ASMR marketing 101: Is it for you and is your brand the right fit for it?

ASMR is not new, but it has picked up pace in the marketing industry in recent times.  The use of multisensory media can be effective in engaging consumers and offering an experience that goes just beyond video. According to a recent blog post by "Think With Google, autonomous sensory meridian response (ASMR) videos and other sensory formats such as video podcasts or cinematic first-person videos have also risen in popularity. In fact, the use of multisensory media to immerse viewers in an experience is "more popular than ever".

For the marketing and advertising industry, ASMR videos, in particular, have been in the scene for the past few years. ASMR is "a relaxing, often sedative sensation that begins on the scalp and moves down the body". According to Think With Google, it is also known as "brain massage" and is triggered by sounds such as whispers, accents and crackles.

In 2016, Ritz Crackers and FCB Seoul employed ASMR sound-design techniques to accentuate the crispiness South Korean consumers would experience when eating a piece of Ritz Crackers biscuit. Last year, laundry detergent brand Ariel and BBDO India did a #ShareTheLoad ASMR campaign featuring American ASMR YouTuber and artist, GIBI ASMR, who depicted her husband doing the laundry. Closer to home, brands such as Tiger Beer, McDonald's Malaysia, NTUC FairPrice and more recently Malaysia Airlines and the Hong Kong Tourism Board, have also employed ASMR in their marketing to offer consumers spine-tingling sensations.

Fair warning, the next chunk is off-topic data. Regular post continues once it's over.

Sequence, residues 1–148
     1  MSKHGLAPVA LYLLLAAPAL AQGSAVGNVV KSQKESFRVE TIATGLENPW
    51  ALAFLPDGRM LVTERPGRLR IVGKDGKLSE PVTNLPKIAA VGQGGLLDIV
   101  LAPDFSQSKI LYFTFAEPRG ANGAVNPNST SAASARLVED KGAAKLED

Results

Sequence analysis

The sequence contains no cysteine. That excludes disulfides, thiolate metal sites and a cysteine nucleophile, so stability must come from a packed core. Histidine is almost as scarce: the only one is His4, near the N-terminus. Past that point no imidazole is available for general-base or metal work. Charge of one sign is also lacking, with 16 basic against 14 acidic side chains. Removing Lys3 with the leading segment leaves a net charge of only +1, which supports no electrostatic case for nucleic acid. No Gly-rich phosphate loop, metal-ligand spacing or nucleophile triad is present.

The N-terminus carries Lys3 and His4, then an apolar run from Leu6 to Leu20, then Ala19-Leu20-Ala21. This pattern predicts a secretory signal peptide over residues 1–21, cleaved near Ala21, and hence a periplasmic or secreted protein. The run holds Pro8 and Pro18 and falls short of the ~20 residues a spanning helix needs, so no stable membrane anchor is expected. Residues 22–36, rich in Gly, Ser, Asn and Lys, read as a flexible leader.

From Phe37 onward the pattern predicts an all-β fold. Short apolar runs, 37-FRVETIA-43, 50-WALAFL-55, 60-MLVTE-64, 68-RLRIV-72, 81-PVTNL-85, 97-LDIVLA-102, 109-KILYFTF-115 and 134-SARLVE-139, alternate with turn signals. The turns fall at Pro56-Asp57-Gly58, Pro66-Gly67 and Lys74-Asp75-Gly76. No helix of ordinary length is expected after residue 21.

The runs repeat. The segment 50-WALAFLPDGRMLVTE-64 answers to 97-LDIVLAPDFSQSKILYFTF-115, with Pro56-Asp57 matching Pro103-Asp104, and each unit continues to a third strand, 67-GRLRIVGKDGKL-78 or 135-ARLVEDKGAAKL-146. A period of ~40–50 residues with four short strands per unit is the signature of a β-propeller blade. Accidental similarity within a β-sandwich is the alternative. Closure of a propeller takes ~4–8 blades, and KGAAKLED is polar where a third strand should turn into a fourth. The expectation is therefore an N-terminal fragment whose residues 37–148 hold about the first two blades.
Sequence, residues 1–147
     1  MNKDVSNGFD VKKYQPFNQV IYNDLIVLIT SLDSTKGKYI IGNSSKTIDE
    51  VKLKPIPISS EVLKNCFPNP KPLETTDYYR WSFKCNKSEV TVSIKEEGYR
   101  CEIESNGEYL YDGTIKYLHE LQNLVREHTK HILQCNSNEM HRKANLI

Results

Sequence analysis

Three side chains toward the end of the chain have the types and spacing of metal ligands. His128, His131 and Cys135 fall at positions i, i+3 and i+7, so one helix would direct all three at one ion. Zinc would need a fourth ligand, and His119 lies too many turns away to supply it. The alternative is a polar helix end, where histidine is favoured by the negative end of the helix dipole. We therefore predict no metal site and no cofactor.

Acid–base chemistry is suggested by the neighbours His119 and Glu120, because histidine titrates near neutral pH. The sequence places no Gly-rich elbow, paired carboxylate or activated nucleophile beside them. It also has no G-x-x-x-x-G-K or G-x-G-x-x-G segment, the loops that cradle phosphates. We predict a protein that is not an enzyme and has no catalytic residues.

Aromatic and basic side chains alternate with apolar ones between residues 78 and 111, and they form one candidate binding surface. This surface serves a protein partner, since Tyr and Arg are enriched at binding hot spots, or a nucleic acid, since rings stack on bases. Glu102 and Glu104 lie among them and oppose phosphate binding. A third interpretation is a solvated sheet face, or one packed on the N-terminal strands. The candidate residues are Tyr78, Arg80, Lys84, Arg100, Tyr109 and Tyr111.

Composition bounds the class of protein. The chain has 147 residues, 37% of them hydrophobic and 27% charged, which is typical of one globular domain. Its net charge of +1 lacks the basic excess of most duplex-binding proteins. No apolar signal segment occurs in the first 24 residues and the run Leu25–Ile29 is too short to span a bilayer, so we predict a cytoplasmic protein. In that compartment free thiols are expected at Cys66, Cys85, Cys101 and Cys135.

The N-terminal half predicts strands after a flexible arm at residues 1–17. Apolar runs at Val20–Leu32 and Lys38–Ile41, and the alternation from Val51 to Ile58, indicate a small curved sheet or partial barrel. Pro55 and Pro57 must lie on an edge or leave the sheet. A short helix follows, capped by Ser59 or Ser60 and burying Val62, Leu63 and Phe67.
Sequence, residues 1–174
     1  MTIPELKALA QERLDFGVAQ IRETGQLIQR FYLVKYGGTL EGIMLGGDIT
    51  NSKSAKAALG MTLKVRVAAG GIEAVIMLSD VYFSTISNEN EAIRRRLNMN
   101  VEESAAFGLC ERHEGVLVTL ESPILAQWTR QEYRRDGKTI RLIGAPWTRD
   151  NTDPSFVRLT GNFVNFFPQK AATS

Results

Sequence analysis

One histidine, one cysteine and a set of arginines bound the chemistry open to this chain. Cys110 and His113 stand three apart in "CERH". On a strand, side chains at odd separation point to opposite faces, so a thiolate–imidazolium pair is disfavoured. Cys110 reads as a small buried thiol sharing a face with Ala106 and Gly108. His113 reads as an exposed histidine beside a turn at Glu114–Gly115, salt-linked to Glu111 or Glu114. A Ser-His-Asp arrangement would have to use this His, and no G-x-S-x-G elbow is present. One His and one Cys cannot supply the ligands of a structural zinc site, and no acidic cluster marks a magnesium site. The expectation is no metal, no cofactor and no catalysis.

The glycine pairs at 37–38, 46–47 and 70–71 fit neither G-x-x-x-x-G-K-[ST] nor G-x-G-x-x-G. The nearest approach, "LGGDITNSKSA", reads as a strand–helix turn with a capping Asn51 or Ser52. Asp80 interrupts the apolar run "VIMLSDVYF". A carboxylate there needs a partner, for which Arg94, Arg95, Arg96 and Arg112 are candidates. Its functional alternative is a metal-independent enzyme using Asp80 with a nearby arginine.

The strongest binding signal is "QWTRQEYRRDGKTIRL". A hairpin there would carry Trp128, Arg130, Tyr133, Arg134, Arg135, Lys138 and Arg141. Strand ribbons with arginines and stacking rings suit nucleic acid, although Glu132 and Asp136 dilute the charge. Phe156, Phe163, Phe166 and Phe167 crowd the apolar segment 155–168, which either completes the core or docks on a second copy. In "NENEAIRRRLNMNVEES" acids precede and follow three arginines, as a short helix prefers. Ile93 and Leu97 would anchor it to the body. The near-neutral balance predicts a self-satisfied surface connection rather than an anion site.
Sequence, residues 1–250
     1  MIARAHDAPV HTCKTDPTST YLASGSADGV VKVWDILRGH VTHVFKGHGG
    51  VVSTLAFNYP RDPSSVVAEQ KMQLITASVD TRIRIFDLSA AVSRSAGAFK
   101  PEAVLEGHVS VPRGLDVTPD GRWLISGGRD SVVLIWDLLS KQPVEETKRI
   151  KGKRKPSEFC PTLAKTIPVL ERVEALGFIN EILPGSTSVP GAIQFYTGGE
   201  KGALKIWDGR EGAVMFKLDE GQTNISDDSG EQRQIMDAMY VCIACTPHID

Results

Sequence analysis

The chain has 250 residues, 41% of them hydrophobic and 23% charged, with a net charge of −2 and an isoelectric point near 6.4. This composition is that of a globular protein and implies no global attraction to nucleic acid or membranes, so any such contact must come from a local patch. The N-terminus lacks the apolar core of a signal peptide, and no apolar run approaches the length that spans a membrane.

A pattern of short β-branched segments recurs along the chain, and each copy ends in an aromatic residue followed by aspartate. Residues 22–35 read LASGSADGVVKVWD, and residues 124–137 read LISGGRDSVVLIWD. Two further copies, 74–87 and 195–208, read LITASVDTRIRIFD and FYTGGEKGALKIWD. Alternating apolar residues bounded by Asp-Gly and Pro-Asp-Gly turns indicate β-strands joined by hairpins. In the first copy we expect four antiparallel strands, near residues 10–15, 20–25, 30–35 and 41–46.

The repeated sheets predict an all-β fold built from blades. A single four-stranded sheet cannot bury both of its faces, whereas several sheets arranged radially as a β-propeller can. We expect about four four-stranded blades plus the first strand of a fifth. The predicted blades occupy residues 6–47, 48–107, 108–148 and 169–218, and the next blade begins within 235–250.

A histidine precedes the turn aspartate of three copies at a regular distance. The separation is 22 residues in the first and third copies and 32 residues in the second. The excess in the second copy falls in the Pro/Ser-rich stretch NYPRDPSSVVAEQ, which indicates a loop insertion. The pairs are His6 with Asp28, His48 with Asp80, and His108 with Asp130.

At the same time, Singapore Airlines also posted a short clip on Instagram featuring the seat belt sign lighting up accompanied by the familiar sound. It's spokesperson told MARKETING-INTERACTIVE that it continually seeks innovative ways to engage its customers and fans, including being creative with sound. "The most recent example is our Sound of Singapore Airlines sonic signature, which we launched in April 2021. Many of us miss travelling, including the experiences on board an aircraft. We wanted to bring some of these fond memories back by presenting familiar sounds one may hear on board an aircraft," the spokesperson explained.

In Singapore, related search queries for "asmr microphone" and "asmr sounds" increased 70% and 40% respectively over the past seven days, according to Google Trends. In Malaysia, Sabah and Kuala Lumpur were the top two sub regions that showed interest in ASMR, followed by Selangor and Sarawak. Searches for the term "mukbang" also increased 40% in the past seven days. Meanwhile, queries for the terms "apa itu asmr makanan" and "asmr artinya apa" increased by 190% and 100% respectively in Indonesia. East Java, Bali, and Yogyakarta were the top subregions that expressed interest in ASMR over the past week. Interestingly, in 2016, Think With Google said ASMR is "a massive growing trend" and has garnered more search interest on YouTube compared to "candy" or "chocolate.